A look at some of the top stories from this past week in the world of automotive, IoT, Industry 4.0, and Enterprise Edge product cybersecurity.
US Government Warns Impact of Urgent/11 Vulnerabilities Much Broader than Thought (ZDNet)
DHS and FDA warn that additional testing confirms that Urgent/11 vulnerabilities affect not only devices that use VxWorks. Testing finds that devices using other operating systems were also impacted, including OSE created by ENEA, INTEGRITY created by Green Hills, Microsoft’s ThreadX, ITRON by TRON Forum, Mentor’s Nucleus RTOS, and ZebOS, a routing platform which provides TCP/IP services for other operating systems.
Throw the Whole Router Out the Window: D-link Says it Won’t Issue a Fix for Vulnerability in Aging Devices (ZDNet)
Vulnerability CVE-2019-16920 can allow remote code execution and affects firmware in D-Link routers DIR-655, DCIR-866L, DIR-652, and DHP-1562. Due to age of devices, D-Link will not issue a fix, meaning anyone who doesn’t buy a new router will have no protection against exploits of CVE-2019-16920.
NSA Warns that Nation States are Committing Day 1 Attacks on Leading VPNs (Search Security)
Three recently found vulnerabilities in VPNs from Pulse Secure, Palo Alto Networks, and Fortinet include two remote code execution flaws. The US National Security Agency this week urged users to patch and mitigate the vulnerabilities that “multiple nation-state advanced persistent threat (APT) actors have weaponized.”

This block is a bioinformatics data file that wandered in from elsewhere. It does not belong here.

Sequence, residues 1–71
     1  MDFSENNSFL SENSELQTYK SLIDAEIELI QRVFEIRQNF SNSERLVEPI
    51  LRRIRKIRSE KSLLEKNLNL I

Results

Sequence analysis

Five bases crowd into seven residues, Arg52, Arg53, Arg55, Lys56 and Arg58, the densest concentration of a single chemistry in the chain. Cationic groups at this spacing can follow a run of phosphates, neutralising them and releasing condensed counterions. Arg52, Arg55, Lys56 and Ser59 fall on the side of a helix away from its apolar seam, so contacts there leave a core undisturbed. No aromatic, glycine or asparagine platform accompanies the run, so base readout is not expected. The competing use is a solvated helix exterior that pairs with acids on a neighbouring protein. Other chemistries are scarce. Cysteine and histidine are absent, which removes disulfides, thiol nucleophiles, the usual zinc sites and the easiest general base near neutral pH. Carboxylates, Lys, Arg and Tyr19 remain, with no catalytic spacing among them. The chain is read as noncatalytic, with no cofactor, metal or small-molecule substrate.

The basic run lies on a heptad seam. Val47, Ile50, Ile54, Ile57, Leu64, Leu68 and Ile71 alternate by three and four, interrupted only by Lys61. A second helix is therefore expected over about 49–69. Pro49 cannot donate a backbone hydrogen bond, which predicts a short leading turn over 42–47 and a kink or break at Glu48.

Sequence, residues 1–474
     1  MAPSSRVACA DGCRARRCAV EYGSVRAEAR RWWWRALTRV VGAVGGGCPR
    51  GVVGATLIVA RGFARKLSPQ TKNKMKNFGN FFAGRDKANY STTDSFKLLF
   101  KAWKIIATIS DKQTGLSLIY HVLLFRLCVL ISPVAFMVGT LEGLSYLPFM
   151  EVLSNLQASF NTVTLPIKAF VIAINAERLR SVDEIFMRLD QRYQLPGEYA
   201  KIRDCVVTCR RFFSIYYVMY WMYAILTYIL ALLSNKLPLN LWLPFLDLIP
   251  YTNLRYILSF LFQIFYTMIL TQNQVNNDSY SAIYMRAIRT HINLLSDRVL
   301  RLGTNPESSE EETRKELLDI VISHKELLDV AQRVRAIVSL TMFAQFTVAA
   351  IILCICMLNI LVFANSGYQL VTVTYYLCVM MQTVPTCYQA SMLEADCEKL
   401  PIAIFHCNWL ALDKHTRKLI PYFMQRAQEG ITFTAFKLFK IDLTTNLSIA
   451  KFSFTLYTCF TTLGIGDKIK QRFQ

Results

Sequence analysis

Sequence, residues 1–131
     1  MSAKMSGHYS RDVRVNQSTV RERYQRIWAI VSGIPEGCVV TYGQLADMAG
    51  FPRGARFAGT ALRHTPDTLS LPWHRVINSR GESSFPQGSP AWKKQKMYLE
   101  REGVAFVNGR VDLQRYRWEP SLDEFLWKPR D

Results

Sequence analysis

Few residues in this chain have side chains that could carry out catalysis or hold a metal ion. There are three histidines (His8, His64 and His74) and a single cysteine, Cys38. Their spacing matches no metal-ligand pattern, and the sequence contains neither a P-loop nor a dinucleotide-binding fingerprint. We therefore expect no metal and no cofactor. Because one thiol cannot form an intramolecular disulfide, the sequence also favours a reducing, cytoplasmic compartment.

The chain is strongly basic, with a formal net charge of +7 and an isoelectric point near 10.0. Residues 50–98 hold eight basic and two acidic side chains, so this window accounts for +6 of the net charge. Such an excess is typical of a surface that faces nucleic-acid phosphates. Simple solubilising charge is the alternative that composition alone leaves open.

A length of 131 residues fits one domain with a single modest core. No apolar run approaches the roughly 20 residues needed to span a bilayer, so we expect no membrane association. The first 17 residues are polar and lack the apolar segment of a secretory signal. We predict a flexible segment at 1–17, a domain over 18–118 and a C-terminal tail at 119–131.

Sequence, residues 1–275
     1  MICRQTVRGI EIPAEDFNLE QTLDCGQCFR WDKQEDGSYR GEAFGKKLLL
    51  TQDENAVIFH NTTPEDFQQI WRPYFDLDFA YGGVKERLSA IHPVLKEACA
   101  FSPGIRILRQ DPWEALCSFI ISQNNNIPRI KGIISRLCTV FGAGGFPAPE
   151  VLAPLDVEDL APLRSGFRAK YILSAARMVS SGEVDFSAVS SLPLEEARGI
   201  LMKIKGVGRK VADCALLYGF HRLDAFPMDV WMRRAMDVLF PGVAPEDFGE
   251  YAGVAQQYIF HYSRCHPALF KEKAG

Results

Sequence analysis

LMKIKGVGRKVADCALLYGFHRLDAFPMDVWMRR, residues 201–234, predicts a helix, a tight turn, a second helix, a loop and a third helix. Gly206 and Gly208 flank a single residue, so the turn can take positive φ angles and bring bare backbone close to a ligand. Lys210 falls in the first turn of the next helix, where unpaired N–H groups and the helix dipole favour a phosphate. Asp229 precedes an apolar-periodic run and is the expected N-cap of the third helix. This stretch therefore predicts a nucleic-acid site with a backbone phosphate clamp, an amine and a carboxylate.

Researchers Find Code-Execution Vulnerability in Ghidra (Security Affairs)
The Java-based engineering tool’s vulnerability, CVE-2019-16941, could be used by attackers to execute arbitrary code. Researchers say flaw affects Ghidra versions through 9.0.4.
Gamers Beware: Two Products Popular with Gamers Have High-Severity Flaws (threatpost)
A total of four high-severity flaws have been discovered in Intel NUC and Nvidia Shield, which can enable code execution, denial of service, escalation of privileges, and information disclosure.
Study Finds Stack Overflow Can Introduce Bugs into Software (Naked Security)
Trusted by coders as a handy time-saver, Stack Overflow can spread insecure code in programs, according to a new study.